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    Hasan and Marika: Screen Shots from a Vanishing Egypt

    This essay analyzes an Egyptian comedy film from the late 1950s as a window—one of the last cinematically—into the vanishing world of Egypt’s minority populations in the aftermath of the Suez Crisis and in the midst of nationalization and Egyptianization. Hasan and Marika (1959) focuses on one particular community, Egyptian Greeks. It borrows heavily from ethnic/religious minority tropes from the long-standing canon of Egyptian film and theater, in particular several classic works that deal with Muslim-Christian-Jewish pairings. It speaks to broader issues of what some scholars have noted to be a shifting or narrowing Levantine ethos. Concurrently, it raises questions about social and cultural transformations in the immediate postcolonial moment. This essay reads the film within the contexts of Egyptian social and cultural history, the position of the Greek community, ongoing limitations to true social integration, and historical questions about the Greek community’s demise. It also reads the film as a deliberate, if at times whimsical, commentary upon Egypt’s changing social landscape, comparing it to other works and later nostalgic depictions of Egypt’s lost multiculturalism.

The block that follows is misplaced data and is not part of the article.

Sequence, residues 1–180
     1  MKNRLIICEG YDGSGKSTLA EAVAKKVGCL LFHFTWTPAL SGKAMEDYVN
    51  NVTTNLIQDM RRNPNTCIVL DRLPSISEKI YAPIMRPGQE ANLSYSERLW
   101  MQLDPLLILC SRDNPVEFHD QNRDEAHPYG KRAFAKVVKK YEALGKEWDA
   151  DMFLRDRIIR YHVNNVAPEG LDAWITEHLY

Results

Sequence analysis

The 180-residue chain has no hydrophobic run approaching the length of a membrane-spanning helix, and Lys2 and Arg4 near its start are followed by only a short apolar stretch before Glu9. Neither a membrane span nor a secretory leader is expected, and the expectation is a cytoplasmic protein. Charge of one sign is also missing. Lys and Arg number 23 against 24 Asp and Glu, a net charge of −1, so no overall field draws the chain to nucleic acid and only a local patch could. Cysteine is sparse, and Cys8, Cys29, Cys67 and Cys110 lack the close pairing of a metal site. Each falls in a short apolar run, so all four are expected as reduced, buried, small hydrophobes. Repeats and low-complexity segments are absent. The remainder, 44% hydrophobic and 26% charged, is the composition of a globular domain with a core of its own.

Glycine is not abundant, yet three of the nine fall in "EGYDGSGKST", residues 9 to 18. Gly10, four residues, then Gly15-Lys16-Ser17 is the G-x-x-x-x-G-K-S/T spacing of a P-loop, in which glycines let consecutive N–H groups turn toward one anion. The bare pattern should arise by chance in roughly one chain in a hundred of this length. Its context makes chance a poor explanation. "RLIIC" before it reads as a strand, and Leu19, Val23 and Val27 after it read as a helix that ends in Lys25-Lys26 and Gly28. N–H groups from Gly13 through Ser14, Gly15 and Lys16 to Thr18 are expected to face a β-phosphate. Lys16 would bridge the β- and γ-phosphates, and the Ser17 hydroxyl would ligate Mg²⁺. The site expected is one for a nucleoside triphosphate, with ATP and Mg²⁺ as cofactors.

$5.00
  • Intercultural Meeting Places of Minorities in Ottoman Salonica

    The multicultural physiognomy of Ottoman Salonica has become a point of reference. Its contrast with the negative attitude shown by some of the local “homogenous” population toward foreign immigrants today has urged me to investigate the daily opportunities for social mixing enjoyed by the ethnic communities of Ottoman Salonica. I examine some of their meeting places and how these Ottoman institutions functioned so that members of separate religious communities often defined themselves through the common urban identity of their multicultural milieu.

    $5.00